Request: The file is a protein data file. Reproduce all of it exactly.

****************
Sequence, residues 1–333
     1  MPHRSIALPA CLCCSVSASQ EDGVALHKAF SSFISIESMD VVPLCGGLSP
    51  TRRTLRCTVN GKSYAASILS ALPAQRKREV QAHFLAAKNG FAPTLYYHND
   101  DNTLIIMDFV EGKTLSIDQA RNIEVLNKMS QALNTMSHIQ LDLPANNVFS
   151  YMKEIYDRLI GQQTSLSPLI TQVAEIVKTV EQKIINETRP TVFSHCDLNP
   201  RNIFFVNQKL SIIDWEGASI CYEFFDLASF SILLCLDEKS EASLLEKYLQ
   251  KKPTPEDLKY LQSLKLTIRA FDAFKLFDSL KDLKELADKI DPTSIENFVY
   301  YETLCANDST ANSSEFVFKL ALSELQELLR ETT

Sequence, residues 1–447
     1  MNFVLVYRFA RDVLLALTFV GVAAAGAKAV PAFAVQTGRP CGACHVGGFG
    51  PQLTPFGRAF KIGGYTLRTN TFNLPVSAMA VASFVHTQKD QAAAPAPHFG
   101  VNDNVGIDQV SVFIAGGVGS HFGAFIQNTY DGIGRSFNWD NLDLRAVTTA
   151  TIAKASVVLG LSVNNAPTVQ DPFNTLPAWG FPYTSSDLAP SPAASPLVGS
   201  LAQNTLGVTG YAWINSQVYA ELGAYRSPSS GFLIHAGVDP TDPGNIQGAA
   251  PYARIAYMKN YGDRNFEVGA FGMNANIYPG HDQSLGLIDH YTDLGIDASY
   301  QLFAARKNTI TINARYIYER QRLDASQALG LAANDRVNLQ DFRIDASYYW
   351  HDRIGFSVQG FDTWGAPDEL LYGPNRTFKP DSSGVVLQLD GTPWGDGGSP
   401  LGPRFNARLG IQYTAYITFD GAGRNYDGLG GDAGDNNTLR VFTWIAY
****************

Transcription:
Sequence, residues 1–333
     1  MPHRSIALPA CLCCSVSASQ EDGVALHKAF SSFISIESMD VVPLCGGLSP
    51  TRRTLRCTVN GKSYAASILS ALPAQRKREV QAHFLAAKNG FAPTLYYHND
   101  DNTLIIMDFV EGKTLSIDQA RNIEVLNKMS QALNTMSHIQ LDLPANNVFS
   151  YMKEIYDRLI GQQTSLSPLI TQVAEIVKTV EQKIINETRP TVFSHCDLNP
   201  RNIFFVNQKL SIIDWEGASI CYEFFDLASF SILLCLDEKS EASLLEKYLQ
   251  KKPTPEDLKY LQSLKLTIRA FDAFKLFDSL KDLKELADKI DPTSIENFVY
   301  YETLCANDST ANSSEFVFKL ALSELQELLR ETT

Sequence, residues 1–447
     1  MNFVLVYRFA RDVLLALTFV GVAAAGAKAV PAFAVQTGRP CGACHVGGFG
    51  PQLTPFGRAF KIGGYTLRTN TFNLPVSAMA VASFVHTQKD QAAAPAPHFG
   101  VNDNVGIDQV SVFIAGGVGS HFGAFIQNTY DGIGRSFNWD NLDLRAVTTA
   151  TIAKASVVLG LSVNNAPTVQ DPFNTLPAWG FPYTSSDLAP SPAASPLVGS
   201  LAQNTLGVTG YAWINSQVYA ELGAYRSPSS GFLIHAGVDP TDPGNIQGAA
   251  PYARIAYMKN YGDRNFEVGA FGMNANIYPG HDQSLGLIDH YTDLGIDASY
   301  QLFAARKNTI TINARYIYER QRLDASQALG LAANDRVNLQ DFRIDASYYW
   351  HDRIGFSVQG FDTWGAPDEL LYGPNRTFKP DSSGVVLQLD GTPWGDGGSP
   401  LGPRFNARLG IQYTAYITFD GAGRNYDGLG GDAGDNNTLR VFTWIAY